Get out the microscope, because we’re going through this poem line-by-line.
And into my garden stole
When the night had veiled the pole;
In the morning glad I see
My foe outstretched beneath the tree.
- Aha! The enemy has seen this anger-apple in the speaker's garden. So, it's safe to say that's how he knows it is the speaker's.
- That doesn't stop the enemy from trying to steal it, though. After he has seen the apple, the "foe" sneaks into the speaker's garden at night.
- The word "stole" is a past tense of the verb "steal," which in this context means something like "sneak in secretly." This word also suggests "steal" (like a thief steals). It seems that the speaker is blaming his foe, or calling him a thief.
- This happens when it's super-dark out. In the phrase "night had veiled the pole," pole refers to the top of the earth, as in the "north pole," but it can also mean the pole star, also known as the North star, also known as Polaris. It's an important star for navigation, since it's bright and it stays pretty much fixed in the sky. Tonight, though, the night has "veiled" it, covered it up. This star, used in navigating folks safely through danger, is not visible. Uh-oh!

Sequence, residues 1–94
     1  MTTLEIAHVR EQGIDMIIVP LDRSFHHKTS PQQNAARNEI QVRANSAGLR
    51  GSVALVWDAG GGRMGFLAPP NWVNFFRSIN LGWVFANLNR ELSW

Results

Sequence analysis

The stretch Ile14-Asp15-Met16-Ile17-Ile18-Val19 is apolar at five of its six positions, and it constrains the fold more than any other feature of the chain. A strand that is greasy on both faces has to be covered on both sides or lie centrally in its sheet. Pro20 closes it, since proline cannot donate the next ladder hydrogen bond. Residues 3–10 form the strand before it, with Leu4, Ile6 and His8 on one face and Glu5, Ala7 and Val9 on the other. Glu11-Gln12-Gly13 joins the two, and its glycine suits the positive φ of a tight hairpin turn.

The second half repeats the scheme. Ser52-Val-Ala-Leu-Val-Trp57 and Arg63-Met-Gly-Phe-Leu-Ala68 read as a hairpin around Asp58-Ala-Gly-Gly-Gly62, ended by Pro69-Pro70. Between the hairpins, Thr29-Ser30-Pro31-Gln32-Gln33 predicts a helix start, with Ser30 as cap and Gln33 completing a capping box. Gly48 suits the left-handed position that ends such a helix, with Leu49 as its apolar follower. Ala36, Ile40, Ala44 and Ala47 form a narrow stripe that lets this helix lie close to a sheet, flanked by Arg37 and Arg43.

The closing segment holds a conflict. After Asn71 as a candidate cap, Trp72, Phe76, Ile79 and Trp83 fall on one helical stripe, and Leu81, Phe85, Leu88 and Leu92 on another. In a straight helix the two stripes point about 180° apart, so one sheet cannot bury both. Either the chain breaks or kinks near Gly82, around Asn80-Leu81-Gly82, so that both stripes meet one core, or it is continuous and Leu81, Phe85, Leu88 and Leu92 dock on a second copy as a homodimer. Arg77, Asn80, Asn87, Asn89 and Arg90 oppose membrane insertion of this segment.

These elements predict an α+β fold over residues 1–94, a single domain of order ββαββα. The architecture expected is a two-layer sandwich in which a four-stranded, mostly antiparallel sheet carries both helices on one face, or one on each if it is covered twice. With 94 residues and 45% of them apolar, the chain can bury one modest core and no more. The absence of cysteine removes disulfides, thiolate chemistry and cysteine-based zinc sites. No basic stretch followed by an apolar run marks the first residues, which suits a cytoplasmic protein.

- To suggest that the night (an abstract time) could actually cover up the star (like a person might) is to use personification.
- Apparently, at some point in the super-dark night, the enemy eats the apple, which ends up killing him or making him fall asleep. It's not clear which, although the speaker is glad to see him laid out in the garden. We're going to go with death for the enemy here, since the speaker would likely not be too happy if his enemy both ate his apple and used his garden like a cheap hotel.
- Still, the word "glad" is a bit ambiguous here (it could have more than one meaning). "Glad" could refer to the morning, as in "the morning is glad," or it can refer to the speaker's feelings when he sees his "foe" lying "beneath the tree."
- Either way, it seems like bad times for the enemy, good times for the speaker. Or is it?